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Top Aides May Face Impeachment Panel

Lindsey and Clinton White House deputy counsel Bruce R. Lindsey with President Clinton in February. (AFP Photo)

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  • By Juliet Eilperin
    Washington Post Staff Writer
    Tuesday, October 27, 1998; Page A09

    House Republicans are considering calling senior White House adviser Bruce R. Lindsey and Robert S. Bennett, President Clinton's lawyer in the Paula Jones case, to testify before the Judiciary Committee as part of its impeachment probe of the president, according to informed sources.

    Republicans see Lindsey, who repeatedly invoked executive privilege rather than answer questions before the grand jury during independent counsel Kenneth W. Starr's investigation of Clinton, as a key figure in the administration's efforts to contain damaging information concerning the president. In a closed-door leadership meeting last month, House Speaker Newt Gingrich (R-Ga.) specifically identified Lindsey's unwillingness to cooperate with Starr as an example of the White House's obstructionist tactics.

    "He's obviously a focus because he's the one person Starr never got to," one GOP source said.

    White House spokesman James Kennedy declined to say whether witnesses on Clinton's staff would cooperate or assert privileges in the House probe, though he criticized the GOP for failing to cooperate sufficiently with Democrats.

    "The Judiciary Committee has not yet defined the scope of its investigation or the constitutional standards for impeachment. The committee has not met since the House voted almost three weeks ago and has not even set a schedule for these proceedings," Kennedy said. "Given these delays, it is premature for us to have a conversation about potential witnesses through the press. For a process badly in need of fairness and bipartisanship, this appears to be politics as usual."

    Judiciary Committee Chairman Henry J. Hyde (R-Ill.), according to sources, is also interested in hearing from Bennett, who informed U.S. District Judge Susan Webber Wright in a Sept. 30 letter to disregard Monica S. Lewinsky's affidavit in the Jones case denying an affair with Clinton. Hyde has already written Bennett asking him to forward copies of any correspondence with Wright on the question of Lewinsky's affidavit, committee aides said.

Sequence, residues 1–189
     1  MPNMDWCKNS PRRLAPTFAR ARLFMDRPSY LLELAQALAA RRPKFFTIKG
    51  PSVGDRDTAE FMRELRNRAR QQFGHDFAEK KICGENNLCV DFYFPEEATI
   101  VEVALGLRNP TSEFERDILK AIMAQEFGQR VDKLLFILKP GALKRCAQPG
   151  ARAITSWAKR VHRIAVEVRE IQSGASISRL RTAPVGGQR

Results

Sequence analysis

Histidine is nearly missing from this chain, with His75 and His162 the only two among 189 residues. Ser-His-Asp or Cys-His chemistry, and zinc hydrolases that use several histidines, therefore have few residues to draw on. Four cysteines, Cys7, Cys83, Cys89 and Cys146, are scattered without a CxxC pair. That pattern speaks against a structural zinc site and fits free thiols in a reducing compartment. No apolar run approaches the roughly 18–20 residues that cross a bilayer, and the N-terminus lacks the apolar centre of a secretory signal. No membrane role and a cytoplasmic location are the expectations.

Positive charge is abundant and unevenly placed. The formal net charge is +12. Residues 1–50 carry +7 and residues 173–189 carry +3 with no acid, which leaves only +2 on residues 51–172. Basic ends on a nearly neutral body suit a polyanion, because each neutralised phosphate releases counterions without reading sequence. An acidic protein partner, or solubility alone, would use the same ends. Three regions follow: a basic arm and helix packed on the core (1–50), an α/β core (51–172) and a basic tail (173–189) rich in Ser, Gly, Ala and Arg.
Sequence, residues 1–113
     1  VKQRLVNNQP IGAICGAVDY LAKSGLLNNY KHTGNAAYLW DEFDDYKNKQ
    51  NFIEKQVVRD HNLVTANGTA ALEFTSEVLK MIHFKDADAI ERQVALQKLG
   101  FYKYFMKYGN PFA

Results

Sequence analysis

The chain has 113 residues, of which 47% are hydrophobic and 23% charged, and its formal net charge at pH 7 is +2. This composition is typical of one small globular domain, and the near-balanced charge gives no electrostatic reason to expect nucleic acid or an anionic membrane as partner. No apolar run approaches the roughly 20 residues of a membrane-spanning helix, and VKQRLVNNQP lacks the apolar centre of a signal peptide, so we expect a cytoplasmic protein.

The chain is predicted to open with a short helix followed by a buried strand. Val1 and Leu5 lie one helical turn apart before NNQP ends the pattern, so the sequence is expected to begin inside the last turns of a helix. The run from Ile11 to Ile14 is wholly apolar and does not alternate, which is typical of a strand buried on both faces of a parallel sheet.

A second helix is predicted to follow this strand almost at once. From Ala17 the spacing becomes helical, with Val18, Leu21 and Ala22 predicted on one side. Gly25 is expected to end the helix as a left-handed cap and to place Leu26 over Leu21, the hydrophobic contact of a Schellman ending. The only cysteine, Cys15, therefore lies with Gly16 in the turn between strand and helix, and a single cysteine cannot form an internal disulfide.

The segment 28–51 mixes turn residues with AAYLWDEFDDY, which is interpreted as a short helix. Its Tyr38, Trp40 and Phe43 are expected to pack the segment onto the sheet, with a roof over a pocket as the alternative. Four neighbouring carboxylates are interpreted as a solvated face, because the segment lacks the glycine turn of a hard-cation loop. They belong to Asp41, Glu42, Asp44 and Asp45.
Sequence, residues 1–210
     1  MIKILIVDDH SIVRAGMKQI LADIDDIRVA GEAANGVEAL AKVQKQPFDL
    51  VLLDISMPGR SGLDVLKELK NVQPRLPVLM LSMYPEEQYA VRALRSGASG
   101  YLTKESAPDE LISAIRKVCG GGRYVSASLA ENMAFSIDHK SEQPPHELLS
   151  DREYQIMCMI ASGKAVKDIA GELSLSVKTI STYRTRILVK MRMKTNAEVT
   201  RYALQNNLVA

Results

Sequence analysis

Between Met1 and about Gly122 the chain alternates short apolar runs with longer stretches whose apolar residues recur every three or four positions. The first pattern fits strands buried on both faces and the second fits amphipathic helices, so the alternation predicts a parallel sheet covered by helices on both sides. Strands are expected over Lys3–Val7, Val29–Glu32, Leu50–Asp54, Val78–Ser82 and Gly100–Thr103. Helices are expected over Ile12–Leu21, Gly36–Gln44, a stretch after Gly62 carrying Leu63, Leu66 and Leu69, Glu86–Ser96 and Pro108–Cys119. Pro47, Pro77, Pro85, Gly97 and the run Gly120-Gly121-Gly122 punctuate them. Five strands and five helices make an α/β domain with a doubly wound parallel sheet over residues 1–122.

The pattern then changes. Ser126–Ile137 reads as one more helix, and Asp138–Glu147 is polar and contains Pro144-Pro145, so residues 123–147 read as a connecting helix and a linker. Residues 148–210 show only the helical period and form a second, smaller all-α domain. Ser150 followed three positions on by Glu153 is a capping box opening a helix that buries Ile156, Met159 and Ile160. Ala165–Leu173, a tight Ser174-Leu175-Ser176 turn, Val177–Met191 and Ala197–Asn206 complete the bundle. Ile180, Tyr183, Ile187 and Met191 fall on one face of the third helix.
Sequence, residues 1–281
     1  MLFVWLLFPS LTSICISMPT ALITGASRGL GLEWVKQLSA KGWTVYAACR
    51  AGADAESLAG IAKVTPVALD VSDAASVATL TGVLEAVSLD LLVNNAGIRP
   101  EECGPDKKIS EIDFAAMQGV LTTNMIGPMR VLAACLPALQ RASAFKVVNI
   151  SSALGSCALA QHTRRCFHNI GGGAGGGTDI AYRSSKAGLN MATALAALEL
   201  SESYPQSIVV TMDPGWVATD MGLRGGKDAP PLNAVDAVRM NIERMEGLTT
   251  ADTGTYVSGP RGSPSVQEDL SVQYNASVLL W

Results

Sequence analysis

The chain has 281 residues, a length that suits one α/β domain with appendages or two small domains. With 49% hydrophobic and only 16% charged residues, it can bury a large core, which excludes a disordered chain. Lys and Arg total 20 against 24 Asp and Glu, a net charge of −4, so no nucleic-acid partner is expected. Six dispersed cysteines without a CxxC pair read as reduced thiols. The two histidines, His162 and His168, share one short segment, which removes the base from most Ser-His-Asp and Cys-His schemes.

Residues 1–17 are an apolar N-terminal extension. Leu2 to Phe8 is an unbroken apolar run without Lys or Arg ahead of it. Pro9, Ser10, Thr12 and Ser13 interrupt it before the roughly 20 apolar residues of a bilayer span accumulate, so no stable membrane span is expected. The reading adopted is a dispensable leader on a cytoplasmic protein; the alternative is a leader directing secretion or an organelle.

According to informed sources, the committee is planning to call relatively few witnesses and is considering a truncated hearing schedule that could result in the committee's debating the record in the Starr case as early as mid-November.

    Hyde still has no plans to call Lewinsky before the committee, they added, and has not decided whether he will call Starr. Though several Judiciary Democrats such as Massachusetts Reps. Martin T. Meehan and Barney Frank have said they hope to publicly question the independent counsel, the Democrats have not yet decided whom they will call.

    Hyde has said he would like to forward a recommendation on impeachment to the full House before the end of the year. "We're not going to be able to hold lots of hearings with witnesses," one source said, noting that Hyde's plans call for a Dec. 31 deadline. "We'd like to go without them as much as we could."

    Instead, sources said, the panel could conduct interviews and depositions with witnesses under oath in the coming month. Three of Clinton's lawyers who have already asked to participate in depositions -- White House counsel Charles F.C. Ruff, special counsel Gregory B. Craig and David E. Kendall, Clinton's private attorney -- wrote Hyde on Friday asking to meet with him before he makes a decision on the subject.

    "Although the Committee's rules contemplate our being able to attend evidentiary hearings and to 'question any witness before the Committee,' that right will prove utterly meaningless if the Committee's ultimate judgment is to be based on testimony taken outside the presence of both the Members and the President's counsel," they wrote.

    They added that Republicans' concern that a White House presence would intimidate witnesses was "baseless."

    Lawyers working for committee Democrats will be allowed to attend the sessions, but a committee aide who asked not to be identified said Hyde has not decided on the Clinton request.

    Committee Democrats asked Hyde last week to join with Rep. John Conyers Jr. (D-Mich.), the ranking minority member, in asking Attorney General Janet Reno to turn over materials Starr submitted as part of his request to expand his authority in order to investigate Clinton's relationship with Lewinsky. Hyde has yet to decide whether to make the request, aides said.

    Though the panel has released much of the material Starr submitted to Congress last month, Judiciary Democrats' spokesman Jim Jordan said yesterday that the House Recording Studio does not plan to release audiotapes of Lewinsky's conversations with Starr informant Linda R. Tripp before the Nov. 3 elections. The committee has already released written transcripts of the conversations, and Judiciary GOP aides said they do not know when the tapes will be ready for release.

    Staff writer John F. Harris contributed to this report.


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